“No, I say this because creatures like the manticore should not exist!” snapped the tortoise. In order to sooth his companion’s tetchiness, Gan-Zhang persuaded the tortoise to talk about the mathematics involved in the calculating of time. Strangely enough, the manticore at the top of the stairs started making a new, rumbling, almost purring sound as the the tortoise started sharing a set of different time equations. Gan-Zhang looked up, startled. The tortoise grunted in irritation.
“Where shall we go for our vacation this year, Er-hee?” Madam Li-Yan asked as Erheani covered the last printing-machine. “Do you want to return to Lith Gurland?”
Erheani made a face, “That boorish place with those self-inflated windbags thinking they can tell good stories? No thank you, Lee-Lee.”
Madam Li-Yan grinned. “Well then, shall we visit that beautiful little crescent island of Rumai? I hear they have the sweetest fire-fruits in all of the Conjoined Continents. And festivals of love on their beaches while the northern lights are dancing in the winter sky.”
Erheani was skeptical.
“They also have their own printing methods, involving granite.”
“Granite? How is that even possible?”
“They’ve invented their own mechanized printing press using both steam-power and a rigged pulley system.”
“Rigged pulley system?” Erheani’s eyes brightened. Madam Li-Yan gave her a knowing smile.
Erheani shook her head, “Oh Lee-lee. You always know how to reel me in.”
“Only because you let me, Er-hee. Only because you let me.”
They smiled at each other and latched the door shut on the printing press before walking arm in arm towards The Bronze Wok. Above them, the Herbalist’s Moon shone in emerald benediction, filling the night with the resonance of all that was green and mysterious.
There were no novels in the Conjoined Continents until Erheani turned her story into a one-hundred thousand word opus. It was the kind of story scribes would never copy. It was so huge that Madam Li-Yan protested violently against it. It almost ended their relationship. Erheani, however, was so determined to get her story out into the world that she re-designed the printing press. Don’t believe me? Look under The Monster, over there. That’s the first supersized printing press they ever designed together. You should read what is written on the plaque underneath The Monster.
When Gan-Zhang and the tortoise reached the top of the stairs, they saw a hexagon-shaped room with walls of iridescent rose-colored crystal. In the middle of the room, a pedestal of rose quartz sloped upwards, its base looking so fragile that the manticore’s roar should have cracked it aeons ago. Atop this pedestal stood the Rosewater Goblet, made of translucent rose crystal, and containing a red liquid that splashed from one end of the Goblet to another.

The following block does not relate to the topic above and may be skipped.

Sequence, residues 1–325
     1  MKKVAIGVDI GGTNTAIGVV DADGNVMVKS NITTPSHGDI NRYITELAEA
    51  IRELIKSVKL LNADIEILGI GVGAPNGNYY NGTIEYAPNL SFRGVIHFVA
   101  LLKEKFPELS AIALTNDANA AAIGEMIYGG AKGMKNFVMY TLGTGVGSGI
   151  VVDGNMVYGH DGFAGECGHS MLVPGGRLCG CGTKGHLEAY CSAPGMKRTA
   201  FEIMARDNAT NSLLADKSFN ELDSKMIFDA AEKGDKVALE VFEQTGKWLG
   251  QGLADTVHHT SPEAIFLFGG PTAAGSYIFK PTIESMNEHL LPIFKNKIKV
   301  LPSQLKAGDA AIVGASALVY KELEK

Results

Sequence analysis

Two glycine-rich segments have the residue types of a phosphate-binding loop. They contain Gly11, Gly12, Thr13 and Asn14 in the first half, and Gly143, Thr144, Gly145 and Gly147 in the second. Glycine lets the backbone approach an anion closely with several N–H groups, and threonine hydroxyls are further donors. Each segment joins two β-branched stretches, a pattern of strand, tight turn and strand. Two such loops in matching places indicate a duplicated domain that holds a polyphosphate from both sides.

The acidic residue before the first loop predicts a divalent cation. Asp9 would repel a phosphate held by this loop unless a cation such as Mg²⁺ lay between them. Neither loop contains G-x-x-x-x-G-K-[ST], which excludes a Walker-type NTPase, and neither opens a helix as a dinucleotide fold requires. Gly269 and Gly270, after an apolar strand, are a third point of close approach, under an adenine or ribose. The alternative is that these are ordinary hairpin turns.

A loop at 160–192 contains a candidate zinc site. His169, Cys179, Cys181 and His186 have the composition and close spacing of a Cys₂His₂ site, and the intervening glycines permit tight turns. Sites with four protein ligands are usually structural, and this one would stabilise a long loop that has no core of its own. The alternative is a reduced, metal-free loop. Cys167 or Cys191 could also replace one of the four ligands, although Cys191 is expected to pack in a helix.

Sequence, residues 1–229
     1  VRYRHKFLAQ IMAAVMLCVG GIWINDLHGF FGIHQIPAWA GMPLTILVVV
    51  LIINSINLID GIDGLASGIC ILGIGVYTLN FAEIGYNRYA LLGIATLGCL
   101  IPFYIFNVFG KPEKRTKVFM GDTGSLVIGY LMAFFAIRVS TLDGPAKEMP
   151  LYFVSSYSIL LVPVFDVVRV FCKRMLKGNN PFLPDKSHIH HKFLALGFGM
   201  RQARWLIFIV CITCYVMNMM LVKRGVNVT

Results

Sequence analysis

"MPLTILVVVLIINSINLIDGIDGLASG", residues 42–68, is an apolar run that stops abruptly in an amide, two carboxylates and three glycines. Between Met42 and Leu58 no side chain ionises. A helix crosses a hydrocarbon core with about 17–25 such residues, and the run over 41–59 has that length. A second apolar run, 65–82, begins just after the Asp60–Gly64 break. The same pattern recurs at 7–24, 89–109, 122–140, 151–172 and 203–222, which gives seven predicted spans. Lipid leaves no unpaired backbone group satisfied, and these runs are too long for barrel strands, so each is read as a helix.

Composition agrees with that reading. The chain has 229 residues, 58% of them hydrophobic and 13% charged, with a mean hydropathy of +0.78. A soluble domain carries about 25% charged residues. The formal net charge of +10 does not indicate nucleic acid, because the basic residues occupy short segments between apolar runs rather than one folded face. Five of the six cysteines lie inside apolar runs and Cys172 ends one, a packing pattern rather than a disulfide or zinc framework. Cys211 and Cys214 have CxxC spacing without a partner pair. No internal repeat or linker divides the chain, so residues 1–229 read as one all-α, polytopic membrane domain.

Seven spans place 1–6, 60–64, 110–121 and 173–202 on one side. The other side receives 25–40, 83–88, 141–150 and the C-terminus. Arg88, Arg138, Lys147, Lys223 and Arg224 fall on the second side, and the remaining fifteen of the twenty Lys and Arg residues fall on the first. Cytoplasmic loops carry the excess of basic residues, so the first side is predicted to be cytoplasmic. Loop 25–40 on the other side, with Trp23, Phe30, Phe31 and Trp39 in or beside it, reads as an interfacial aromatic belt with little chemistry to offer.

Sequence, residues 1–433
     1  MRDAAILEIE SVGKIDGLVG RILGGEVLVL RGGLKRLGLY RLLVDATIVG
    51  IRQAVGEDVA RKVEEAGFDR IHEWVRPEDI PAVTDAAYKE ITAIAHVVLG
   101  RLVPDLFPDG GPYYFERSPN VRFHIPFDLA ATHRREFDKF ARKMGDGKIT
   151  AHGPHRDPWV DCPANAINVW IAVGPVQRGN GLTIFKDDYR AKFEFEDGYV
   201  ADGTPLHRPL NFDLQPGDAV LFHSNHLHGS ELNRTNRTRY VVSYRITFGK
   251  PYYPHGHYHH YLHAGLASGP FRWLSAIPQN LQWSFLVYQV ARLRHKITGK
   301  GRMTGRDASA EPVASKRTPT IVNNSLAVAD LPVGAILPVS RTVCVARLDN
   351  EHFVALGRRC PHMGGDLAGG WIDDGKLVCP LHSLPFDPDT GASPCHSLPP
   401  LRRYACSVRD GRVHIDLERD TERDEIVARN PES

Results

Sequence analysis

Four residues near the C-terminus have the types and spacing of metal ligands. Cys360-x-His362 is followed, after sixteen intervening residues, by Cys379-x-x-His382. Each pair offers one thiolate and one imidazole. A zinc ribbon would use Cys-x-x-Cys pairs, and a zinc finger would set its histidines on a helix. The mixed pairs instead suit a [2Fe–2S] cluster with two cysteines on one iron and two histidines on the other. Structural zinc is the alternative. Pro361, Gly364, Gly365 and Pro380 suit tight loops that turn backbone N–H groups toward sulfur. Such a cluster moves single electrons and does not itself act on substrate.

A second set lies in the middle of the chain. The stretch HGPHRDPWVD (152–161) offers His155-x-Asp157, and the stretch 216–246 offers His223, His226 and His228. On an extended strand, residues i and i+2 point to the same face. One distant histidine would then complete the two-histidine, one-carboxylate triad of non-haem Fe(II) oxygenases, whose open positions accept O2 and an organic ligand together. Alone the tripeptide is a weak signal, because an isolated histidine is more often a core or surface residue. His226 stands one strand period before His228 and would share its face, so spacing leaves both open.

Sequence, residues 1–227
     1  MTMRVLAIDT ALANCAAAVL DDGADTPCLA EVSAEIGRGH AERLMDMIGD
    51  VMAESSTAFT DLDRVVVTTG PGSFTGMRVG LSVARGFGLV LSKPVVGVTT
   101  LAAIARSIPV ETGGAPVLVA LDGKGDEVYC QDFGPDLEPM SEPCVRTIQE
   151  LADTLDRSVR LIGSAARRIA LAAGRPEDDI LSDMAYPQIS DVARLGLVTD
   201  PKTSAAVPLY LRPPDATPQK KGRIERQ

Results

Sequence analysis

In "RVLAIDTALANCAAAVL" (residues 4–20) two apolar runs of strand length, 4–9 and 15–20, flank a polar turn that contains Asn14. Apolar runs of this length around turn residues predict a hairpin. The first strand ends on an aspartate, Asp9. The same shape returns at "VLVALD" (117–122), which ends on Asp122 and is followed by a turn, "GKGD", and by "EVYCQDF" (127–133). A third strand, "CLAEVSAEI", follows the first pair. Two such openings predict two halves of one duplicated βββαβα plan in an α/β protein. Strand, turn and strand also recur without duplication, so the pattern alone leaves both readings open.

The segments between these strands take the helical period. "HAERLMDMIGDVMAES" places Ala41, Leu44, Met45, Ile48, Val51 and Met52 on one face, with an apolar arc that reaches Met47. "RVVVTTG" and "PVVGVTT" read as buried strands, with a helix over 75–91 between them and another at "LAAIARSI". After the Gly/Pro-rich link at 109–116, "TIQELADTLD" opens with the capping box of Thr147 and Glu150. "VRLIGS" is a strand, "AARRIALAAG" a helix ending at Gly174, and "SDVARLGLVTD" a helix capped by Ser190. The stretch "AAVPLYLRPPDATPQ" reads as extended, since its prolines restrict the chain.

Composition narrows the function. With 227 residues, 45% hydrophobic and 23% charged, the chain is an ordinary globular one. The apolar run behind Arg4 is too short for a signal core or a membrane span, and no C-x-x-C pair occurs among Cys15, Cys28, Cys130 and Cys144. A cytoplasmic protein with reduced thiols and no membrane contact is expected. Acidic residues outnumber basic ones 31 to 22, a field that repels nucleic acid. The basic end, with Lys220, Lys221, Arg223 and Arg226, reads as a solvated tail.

The manticore stood between the pedestal and the door. To the sides of the door lay the unconscious bodies of the janissaries. She roared one more time, her distraught face growing longer as her mouth opened.
“Sister, why do you roar so loud?” Gan-Zhang asked the manticore.
The manticore rumbled in reply and made to leap at Gan-Zhang.
But then the tortoise said, “What did I tell you? She is the chaos that seeks to undo the Universe.”
The manticore stopped mid-leap and said in a surprisingly normal voice, “Chaos indeed. You puny half-shell. Are you not done yet with your vacillations about time?”
“Vacillations? Vacillations? I will have you know I am very sure about my possible worlds theory.”
“If you were so sure about your possible worlds theory, why are you still a tortoise? Surely you would have figured out a way to access this manifold you keep jabbering on about.”
“The same reason why you’re still a manticore, my dear. Haven’t you figured out how to resolve those time paradoxes yet?”
“If they could be resolved they wouldn’t be called paradoxes, you silly head!”
Gan-Zhang, being a very logical man, looked at the two and realized that they were both after the same thing.
“Were you trying to drink from the Goblet, sister?” he asked of the manticore.
The manticore stared at him in surprise.
“Goodness! No one has asked me that in all of these three hundred years!” she said.
Gan-Zhang took the Goblet from the pedestal and lifted it to the Manticore’s lips. She lapped the top of the goblet with her long, forked tongue, and then gasped. Gan-Zhang did not wait for the inevitable transformation. He poured a little of the rosewater over the tortoise, and then placed the tortoise gently on the ground. He looked away discreetly, not sure if he should look. Soon, the sounds of rapid argument filled the room.
They had not missed a beat, it seemed.
Undone by curiosity, he sneaked a peek at the two grey-haired, stern-face women dressed in the robes of scholars. They argued vociferously, but their hands were clasped together in a moment he was sure he was not supposed to intrude upon.
Gan-Zhang smiled, and brought the Goblet downstairs.
This is the novel. There are only seven copies of it left in Yrole. It is rich, it is often improbable. It breaks all of the classical rules of storytelling.
Erheani provided generations of pamphleteers, rebels, and insurgencies ways in which they would never be silenced by inventing The Monster.
If you want to continue that legacy, young woman, you print this book, not that bloody Rosewater Goblet Compendium.